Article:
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Immigration (Education) Charge Bill 1992
House: House of Representatives Portfolio: Immigration, Local Government and Ethnic Affairs
Purpose To introduce charges for newly arrived immigrants and recent arrivals in respect of English language classes.
Background English as a second language (ESL) classes for migrants are provided under the Adult Migrant Education Program (AMEP). The possession of English language skills is particularly important for migrants seeking to gain employment and also plays an important role in the assimilation of migrants into Australian society. A 1990 report estimated that there are 50 000 to 60 000 long term residents in Australia with language difficulties.
Commonwealth funding on ESL training in 1991- 2 was $114.5 million and this is estimated to increase to $142 million in 1992- 3. Of the latter amount, an estimated $3.65 million will be raised through the charges to be imposed by this Bill. The administration of ESL courses is currently divided between the Department of Immigration, Local Government and Ethnic Affairs (DILGEA) and the Department of Employment of Employment, Education and Training (DEET). The responsible agency is based on the level of language skills possessed by a person and their time in Australia. Changes in the administration of ESL were announced by the Ministers responsible for the two Departments mentioned above on 20 August 1992. Under the new arrangements, DILGEA will have responsibility for programs for newly arrived migrants and those currently under AMEP. DEET will have responsibility for the ESL needs of jobseekers. As a result of these changes, an estimated $12.2 million will be transferred from AMEP to programs administered by DEET in 1992- 3. This will increase to $18.3 million in 1993- 4 and $38 million in 1994- 5. This will be offset by a reduction in the number of migrants entering Australia, which is set at 80 000 in 1992- 3, a 27.9% reduction on the previous year.
Major changes to the operation of AMEP were announced in the joint Ministerial statement of 20 August referred to above. Firstly, new migrants will be entitled to a maximum of 510 hours of English education if they can show that they lack functional English. While the Ministers noted that this is the average time taken to reach a functional level of English, the publication Ethnic Spotlight notes that this process can take between 440 and 890 hours and that those not able to reach the desired level of skill within the allocated 510 hours will be required to meet the full cost of further tuition. The other major change is the introduction of charges for migrants using AMEP. The charge will be payable by those applying for permanent residence either before or after entering Australia unless an exemption applies (see below for further details). The rate of charge will vary according to the immigration category into which the person falls and whether they are already in an AMEP course. For new migrants the charges will range from $1020 (principally for concessional family entrants) to $4080 (for those entering under the employer sponsored or business skills categories). A number of categories will be exempt from the charge, including the preferential family, refugee and special humanitarian categories. These fees will apply from 1 March 1993. For those already in an AMEP course, an annual fee of $250 will apply to those undertaking formal classes and a $50 fee will apply to those undertaking less formal education. These charges will apply for 1993 and later years.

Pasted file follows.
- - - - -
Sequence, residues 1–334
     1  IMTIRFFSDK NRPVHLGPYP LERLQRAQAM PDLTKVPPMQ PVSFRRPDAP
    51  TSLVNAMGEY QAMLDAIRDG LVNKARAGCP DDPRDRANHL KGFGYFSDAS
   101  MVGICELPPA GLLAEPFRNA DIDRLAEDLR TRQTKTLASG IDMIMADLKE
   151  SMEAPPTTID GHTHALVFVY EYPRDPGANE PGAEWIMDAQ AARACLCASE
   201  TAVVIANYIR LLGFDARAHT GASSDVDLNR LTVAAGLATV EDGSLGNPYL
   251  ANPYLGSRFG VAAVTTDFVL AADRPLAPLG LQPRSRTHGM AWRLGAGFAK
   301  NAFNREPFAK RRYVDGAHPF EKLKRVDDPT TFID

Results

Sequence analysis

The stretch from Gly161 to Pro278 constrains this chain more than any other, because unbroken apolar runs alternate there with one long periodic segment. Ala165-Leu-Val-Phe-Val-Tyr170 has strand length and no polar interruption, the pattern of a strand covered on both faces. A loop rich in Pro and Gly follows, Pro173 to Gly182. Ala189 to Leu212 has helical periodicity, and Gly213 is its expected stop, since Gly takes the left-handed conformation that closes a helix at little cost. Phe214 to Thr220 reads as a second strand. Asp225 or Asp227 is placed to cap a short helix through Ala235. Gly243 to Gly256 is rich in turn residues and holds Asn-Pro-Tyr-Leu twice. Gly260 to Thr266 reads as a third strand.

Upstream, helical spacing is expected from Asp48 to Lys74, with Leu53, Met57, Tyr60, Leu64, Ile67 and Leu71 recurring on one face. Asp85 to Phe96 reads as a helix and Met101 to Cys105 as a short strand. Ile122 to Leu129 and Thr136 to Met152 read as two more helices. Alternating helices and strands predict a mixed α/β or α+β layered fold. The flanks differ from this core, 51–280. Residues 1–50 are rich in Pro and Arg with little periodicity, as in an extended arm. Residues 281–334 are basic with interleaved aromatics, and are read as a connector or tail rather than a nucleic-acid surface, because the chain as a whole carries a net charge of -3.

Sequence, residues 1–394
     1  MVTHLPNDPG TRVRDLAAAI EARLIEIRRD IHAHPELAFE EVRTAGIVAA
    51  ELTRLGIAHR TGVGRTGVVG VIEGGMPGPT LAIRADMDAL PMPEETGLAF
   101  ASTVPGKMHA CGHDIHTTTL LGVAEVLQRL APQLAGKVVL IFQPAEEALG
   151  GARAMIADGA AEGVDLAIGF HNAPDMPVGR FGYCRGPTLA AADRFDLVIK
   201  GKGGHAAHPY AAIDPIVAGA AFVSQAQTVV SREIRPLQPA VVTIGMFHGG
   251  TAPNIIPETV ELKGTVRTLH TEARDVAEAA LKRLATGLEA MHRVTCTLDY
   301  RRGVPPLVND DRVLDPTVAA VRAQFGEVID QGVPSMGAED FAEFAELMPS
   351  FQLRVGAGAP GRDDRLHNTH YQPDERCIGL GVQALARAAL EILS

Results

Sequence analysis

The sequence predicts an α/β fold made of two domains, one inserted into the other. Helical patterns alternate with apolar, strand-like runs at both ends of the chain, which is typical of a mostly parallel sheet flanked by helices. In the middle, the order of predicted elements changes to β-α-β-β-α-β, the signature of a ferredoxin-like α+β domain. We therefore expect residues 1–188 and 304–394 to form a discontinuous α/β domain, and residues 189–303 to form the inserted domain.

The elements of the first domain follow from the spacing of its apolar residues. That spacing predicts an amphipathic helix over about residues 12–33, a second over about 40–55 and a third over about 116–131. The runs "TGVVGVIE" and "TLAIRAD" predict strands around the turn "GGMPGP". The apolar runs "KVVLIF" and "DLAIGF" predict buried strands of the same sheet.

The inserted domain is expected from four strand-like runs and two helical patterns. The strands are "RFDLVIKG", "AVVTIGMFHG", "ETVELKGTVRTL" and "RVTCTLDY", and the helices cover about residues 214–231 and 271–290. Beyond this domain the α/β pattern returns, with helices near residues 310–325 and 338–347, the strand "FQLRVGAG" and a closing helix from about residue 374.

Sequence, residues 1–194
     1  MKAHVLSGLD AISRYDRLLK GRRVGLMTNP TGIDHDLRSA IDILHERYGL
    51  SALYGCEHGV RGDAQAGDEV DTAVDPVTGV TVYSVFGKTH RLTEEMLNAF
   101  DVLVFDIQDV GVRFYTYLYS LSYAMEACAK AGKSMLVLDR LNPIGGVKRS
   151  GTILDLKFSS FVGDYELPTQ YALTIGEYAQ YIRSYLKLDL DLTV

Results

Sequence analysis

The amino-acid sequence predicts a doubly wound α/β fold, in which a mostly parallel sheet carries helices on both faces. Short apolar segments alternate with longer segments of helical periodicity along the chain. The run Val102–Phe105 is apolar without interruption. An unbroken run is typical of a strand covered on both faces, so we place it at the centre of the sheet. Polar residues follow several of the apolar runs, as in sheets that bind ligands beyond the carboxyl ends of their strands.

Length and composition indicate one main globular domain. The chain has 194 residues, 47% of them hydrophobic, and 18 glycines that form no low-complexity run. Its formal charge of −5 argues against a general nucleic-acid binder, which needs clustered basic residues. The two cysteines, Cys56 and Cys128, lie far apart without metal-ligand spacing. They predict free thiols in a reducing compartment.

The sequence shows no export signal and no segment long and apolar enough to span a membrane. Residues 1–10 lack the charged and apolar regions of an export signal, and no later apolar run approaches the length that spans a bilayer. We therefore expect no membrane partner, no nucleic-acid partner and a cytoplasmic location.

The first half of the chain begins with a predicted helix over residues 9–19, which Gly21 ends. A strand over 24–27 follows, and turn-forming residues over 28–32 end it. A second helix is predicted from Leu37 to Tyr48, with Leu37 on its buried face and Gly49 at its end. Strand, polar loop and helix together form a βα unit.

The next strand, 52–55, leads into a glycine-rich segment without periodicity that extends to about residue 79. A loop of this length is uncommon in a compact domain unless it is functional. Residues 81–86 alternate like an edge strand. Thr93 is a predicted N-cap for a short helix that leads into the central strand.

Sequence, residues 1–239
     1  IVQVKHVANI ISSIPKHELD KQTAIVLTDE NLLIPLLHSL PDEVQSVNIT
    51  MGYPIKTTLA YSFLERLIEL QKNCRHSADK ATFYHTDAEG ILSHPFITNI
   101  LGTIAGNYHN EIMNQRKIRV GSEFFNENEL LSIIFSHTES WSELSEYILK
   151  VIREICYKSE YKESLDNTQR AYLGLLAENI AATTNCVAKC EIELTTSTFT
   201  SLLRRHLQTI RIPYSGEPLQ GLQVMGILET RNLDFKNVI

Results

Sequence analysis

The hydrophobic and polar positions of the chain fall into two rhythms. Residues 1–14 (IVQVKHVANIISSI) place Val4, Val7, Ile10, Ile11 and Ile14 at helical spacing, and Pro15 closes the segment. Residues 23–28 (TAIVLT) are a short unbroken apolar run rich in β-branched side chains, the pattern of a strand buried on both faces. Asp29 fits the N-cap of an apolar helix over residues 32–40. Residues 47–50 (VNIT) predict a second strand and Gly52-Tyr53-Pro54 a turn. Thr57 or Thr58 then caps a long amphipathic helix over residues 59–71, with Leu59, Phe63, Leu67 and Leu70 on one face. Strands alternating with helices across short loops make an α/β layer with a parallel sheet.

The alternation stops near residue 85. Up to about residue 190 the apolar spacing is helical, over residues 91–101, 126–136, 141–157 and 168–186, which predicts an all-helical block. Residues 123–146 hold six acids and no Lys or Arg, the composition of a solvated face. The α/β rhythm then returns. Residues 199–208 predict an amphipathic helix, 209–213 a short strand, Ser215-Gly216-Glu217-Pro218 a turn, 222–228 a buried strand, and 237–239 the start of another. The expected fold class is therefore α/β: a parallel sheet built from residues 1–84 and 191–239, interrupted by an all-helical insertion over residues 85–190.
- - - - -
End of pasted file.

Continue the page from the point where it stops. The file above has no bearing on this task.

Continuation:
Main Provisions The Bill will commence on 1 March 1993 (clause 2).
Clause 3 contains a number of definitions, including those for: `exempt entry permit': an entry permit subject to the criterion that permanent settlement is the appropriate course for the applicant and is not contrary to the interests of Australia; an entry permit for a person who is the spouse, dependent child or aged parent of an Australian citizen or a permanent resident; or an entry permit in a prescribed class.
`exempt visa': a visa that satisfies the same conditions as an exempt entry permit.
`stay visa': a permanent entry permit or a visa that allows the person to remain permanently in Australia.
The English education charge will be imposed by clause 5. It will apply to applications by non- citizens for a stay visa made on or after 1 January 1993 where the Minister has given the applicant a notice that the applicant is 18 or over and does not have functional English. (The issue of such notices is dealt with in the Migration Laws Amendment Bill (No. 2) 1992). The charge will not be payable if the applicant is exempt under clause 7.
The situations where the applicant will be exempt are: * the application is in respect of an exempt visa or entry permit;
* the application is withdrawn before the charge is paid;
* the applicant has previously paid the charge and this has not been refunded; or
* the applicant is a permanent resident.
Clause 6 provides that the rate of the charge is to be prescribed up to a maximum of $4080.
Bills Digest Service 26 November 1992 Parliamentary Research Service
This Digest does not have any official legal status. Other sources should be consulted to determine the subsequent official status of the Bill.
Commonwealth of Australia 1992
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Published by the Department of the Parliamentary Library, 1992.